It is known as the “Marrow Controversy,” a theological dispute in the church in Scotland that took place in the early 1700s surrounding a book, The Marrow of Modern Divinity, which was published in 1645. What lessons could possibly be drawn from the Marrow Controversy that would apply to us today? Plenty, apparently. In his book The Whole Christ, Sinclair B. Ferguson uses this lesser-known episode in church history as a framing device for discussing a larger issue: the tension between legalism and antinomianism in the life of a believer.
The Whole Christ contains many jewels ready to be mined. Ferguson is quick to point out that legalism and antinomianism are not opposites, but rather both stand together in opposition to the grace of God in the person of Christ. As a manifesto of grace this book is powerful, shifting my mindset just slightly from hope in the work of Christ to hope in the person of Christ. This makes a world of difference. Also, his discussion of the Old Testament law and its current relevance to the New Testament believer is very well done. Finally, the chapter on assurance was full of great insights.
All said and done, this relatively short book manages to touch on justification, legalism, atonement, antinomianism, assurance, grace, incarnation, and more, all while keeping the framing narrative of the Marrow Controversy in view. Most importantly, Ferguson attempts to tie it all together by presenting the practical ministry implications of all his theological plate spinning.
This book came highly recommended by many of the heavy-hitters in the Reformed theologian circle. Names like Timothy Keller, Kevin DeYoung, and Alistair Begg added their praise. I recommend this book also, though I don’t presume to count myself among the ranks of those theological powerhouses. Ferguson is a great writer, but I found myself wishing for a little more of the “everyman” approach to theological issues demonstrated by writers like DeYoung and Keller. Ferguson is difficult to follow sometimes as he references unfamiliar characters, unfolds complicated sentences, and ultimately shorts the reader on the “practical ministry implications” promise. Long story short, I found myself wanting to turn off the audiobook version and pick up a print version, or else be constantly rewinding. This is solid stuff, but it occasionally comes across dry and uninspired.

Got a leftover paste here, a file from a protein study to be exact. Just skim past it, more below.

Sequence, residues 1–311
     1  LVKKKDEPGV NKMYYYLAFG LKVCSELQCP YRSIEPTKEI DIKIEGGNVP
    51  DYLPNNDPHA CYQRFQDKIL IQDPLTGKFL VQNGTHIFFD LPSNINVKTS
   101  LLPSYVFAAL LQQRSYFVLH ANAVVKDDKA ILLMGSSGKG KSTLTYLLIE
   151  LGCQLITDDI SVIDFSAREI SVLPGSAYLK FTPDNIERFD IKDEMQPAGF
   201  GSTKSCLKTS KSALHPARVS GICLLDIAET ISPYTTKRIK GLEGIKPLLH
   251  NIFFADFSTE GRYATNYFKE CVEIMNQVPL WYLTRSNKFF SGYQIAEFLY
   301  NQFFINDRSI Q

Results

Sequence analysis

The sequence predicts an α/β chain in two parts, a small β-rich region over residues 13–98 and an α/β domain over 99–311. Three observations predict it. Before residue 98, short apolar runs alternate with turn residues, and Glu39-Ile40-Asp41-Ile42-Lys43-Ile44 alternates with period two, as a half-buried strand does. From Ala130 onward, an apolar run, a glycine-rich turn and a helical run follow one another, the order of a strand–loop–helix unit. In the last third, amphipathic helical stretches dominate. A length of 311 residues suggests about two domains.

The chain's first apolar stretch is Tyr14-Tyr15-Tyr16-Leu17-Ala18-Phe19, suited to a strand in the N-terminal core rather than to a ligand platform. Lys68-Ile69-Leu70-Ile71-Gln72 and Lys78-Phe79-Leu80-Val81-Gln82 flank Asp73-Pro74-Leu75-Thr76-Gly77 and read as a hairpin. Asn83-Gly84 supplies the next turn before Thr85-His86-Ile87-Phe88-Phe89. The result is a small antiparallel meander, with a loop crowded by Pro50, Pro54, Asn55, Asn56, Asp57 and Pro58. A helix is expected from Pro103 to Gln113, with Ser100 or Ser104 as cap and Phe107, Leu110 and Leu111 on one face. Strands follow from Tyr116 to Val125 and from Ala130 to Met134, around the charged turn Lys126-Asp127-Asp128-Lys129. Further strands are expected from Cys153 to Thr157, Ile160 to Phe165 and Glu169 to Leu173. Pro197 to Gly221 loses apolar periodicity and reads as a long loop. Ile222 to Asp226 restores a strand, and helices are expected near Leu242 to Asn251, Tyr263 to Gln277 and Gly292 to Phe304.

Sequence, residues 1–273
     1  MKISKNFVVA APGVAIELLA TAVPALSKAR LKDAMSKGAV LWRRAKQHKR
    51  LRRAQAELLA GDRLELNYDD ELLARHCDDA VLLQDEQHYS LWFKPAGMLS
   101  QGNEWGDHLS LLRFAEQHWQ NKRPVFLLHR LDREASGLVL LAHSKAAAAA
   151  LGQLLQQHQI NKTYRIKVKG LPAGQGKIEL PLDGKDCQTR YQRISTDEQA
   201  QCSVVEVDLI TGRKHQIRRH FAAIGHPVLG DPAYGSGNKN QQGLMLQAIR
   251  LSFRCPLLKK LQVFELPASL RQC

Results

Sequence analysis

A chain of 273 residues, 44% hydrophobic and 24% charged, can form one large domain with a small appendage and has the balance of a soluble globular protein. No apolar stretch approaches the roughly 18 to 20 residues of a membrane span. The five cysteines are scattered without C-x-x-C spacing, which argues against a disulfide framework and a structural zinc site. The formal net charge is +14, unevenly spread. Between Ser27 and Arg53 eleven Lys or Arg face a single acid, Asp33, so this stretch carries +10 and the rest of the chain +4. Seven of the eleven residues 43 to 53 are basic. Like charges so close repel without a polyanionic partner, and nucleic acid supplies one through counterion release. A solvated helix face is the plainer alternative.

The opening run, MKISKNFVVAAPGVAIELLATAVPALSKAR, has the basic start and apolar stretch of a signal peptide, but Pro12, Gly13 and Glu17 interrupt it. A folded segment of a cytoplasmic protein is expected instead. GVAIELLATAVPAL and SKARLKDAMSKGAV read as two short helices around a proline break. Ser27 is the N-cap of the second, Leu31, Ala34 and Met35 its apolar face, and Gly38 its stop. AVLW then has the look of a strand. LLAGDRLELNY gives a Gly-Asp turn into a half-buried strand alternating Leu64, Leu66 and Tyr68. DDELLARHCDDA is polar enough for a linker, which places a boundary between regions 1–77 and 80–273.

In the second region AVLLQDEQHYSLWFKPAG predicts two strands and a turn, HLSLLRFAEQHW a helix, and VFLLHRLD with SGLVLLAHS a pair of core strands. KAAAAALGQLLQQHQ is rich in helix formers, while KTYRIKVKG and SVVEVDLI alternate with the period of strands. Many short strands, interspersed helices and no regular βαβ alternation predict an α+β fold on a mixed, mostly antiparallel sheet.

At the end of the day, this is an important book even if it is somewhat unapproachable at times. A reader’s persistence is rewarded. I feel that I have a better grasp of many of the tensions facing those of us who claim the grace of God as our only hope and our only path. For that I am grateful.
The narration by Derek Perkins is top-notch.
Please Note: This audiobook was gifted as a part of the Christianaudio Reviewers Program in exchange for my unbiased review of this work. This has in no way influenced my opinion or review of this work. More information can be found about this and other Christian audiobooks at christianaudio.com.